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Visualizing the Jobs Lost to Automation

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Jobs Lost to Automation

Visualizing the Jobs Lost to Automation

The employment landscape of the future will look very different than it does today.

While we’ve charted the automation potential of U.S. jobs before, today’s graphic from Henrik Lindberg perhaps tells the story more succinctly.

In plain black and white, it shows the jobs that exist today in contrast to the jobs that are expected to disappear as a result of automation in the workplace. Though, technically speaking, it is applying the probabilities of the widely-cited Frey & Osborne (2013) study to U.S. jobs as of 2016 to give an expected value to each job title.

A Different Landscape

In the near-future, many of today’s most common jobs may be changed profoundly. People working as retail salespersons, cashiers, fast food counter workers, and truck drivers will likely see opportunities in those fields dry up as automation takes place.

At the same time, jobs such as those in teaching and nursing are expected to stand the test of time, as they require empathy, creativity, and a human touch not yet available through machines. In the coming decades, it’s possible that these could even be professions that employ the most people overall.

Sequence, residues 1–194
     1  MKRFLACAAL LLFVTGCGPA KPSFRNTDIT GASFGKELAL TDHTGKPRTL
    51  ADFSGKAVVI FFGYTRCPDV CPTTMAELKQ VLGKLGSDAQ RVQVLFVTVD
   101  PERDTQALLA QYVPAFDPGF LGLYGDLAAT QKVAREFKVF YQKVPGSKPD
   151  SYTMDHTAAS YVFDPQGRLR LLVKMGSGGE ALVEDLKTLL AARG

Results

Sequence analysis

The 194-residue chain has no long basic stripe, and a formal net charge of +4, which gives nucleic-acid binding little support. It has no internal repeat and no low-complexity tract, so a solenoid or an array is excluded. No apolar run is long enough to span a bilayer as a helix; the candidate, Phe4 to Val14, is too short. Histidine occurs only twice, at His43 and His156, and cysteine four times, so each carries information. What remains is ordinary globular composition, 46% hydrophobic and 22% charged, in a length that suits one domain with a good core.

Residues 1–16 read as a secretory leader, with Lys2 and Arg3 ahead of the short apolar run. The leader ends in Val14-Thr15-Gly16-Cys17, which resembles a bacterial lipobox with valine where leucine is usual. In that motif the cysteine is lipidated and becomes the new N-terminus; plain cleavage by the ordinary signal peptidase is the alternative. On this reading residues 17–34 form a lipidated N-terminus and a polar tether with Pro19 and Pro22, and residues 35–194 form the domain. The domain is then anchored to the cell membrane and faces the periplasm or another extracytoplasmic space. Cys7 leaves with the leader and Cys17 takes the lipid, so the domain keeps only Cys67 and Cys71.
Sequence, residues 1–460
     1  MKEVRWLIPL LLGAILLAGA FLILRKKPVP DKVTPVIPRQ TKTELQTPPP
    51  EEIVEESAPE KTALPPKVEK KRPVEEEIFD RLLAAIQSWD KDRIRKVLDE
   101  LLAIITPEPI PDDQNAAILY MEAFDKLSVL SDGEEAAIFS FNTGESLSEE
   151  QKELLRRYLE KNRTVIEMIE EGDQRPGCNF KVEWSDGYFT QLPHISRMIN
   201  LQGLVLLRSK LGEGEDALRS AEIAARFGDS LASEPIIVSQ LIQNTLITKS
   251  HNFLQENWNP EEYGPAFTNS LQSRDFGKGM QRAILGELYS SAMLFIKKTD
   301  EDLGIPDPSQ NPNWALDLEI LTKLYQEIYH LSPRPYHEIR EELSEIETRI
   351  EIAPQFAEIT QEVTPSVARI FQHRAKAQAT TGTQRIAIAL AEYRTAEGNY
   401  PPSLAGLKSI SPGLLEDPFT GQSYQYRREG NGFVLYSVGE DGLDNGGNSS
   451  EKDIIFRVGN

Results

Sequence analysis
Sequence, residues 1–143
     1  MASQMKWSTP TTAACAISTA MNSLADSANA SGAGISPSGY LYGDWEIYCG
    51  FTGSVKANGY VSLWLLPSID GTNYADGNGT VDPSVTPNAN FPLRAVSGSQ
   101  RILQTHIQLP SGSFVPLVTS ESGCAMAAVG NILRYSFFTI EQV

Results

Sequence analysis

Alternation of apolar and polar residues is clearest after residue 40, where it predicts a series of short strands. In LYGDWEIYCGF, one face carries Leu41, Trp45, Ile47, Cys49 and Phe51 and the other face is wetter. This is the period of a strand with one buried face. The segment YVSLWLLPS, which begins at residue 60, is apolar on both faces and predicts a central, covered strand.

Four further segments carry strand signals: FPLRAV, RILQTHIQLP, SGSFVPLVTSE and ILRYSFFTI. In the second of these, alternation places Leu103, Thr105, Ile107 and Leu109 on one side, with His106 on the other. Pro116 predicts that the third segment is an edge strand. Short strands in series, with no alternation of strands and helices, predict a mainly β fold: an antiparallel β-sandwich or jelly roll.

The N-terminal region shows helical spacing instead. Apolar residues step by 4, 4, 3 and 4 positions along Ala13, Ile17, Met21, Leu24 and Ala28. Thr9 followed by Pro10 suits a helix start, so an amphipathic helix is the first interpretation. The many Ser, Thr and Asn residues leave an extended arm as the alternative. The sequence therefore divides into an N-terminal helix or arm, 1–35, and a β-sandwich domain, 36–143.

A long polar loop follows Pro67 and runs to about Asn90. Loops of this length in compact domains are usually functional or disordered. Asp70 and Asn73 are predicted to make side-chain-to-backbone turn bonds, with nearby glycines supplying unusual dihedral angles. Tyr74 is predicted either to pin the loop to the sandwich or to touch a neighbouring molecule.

Casualties of the Fall?

In the vastly different employment landscape of the future, the worry is that low income workers will have fewer opportunities available to them as technology comes into play.

The good news? Historically this has not been true. As an example, nearly 500 years ago, Queen Elizabeth I had a similar fear when she denied a patent for an automated knitting machine. The thought was that the machine would kill jobs, though eventually factories and companies adopted similar technologies anyways. With the lower prices, higher demand for knitted goods, and more capital for investment, jobs for factory weavers actually quadrupled in the coming years.

As we’ve seen over time, while machines destroy jobs, they also often create new ones.

Composition of U.S. Job Market over the Last 150+ Years

Jobs as a Percent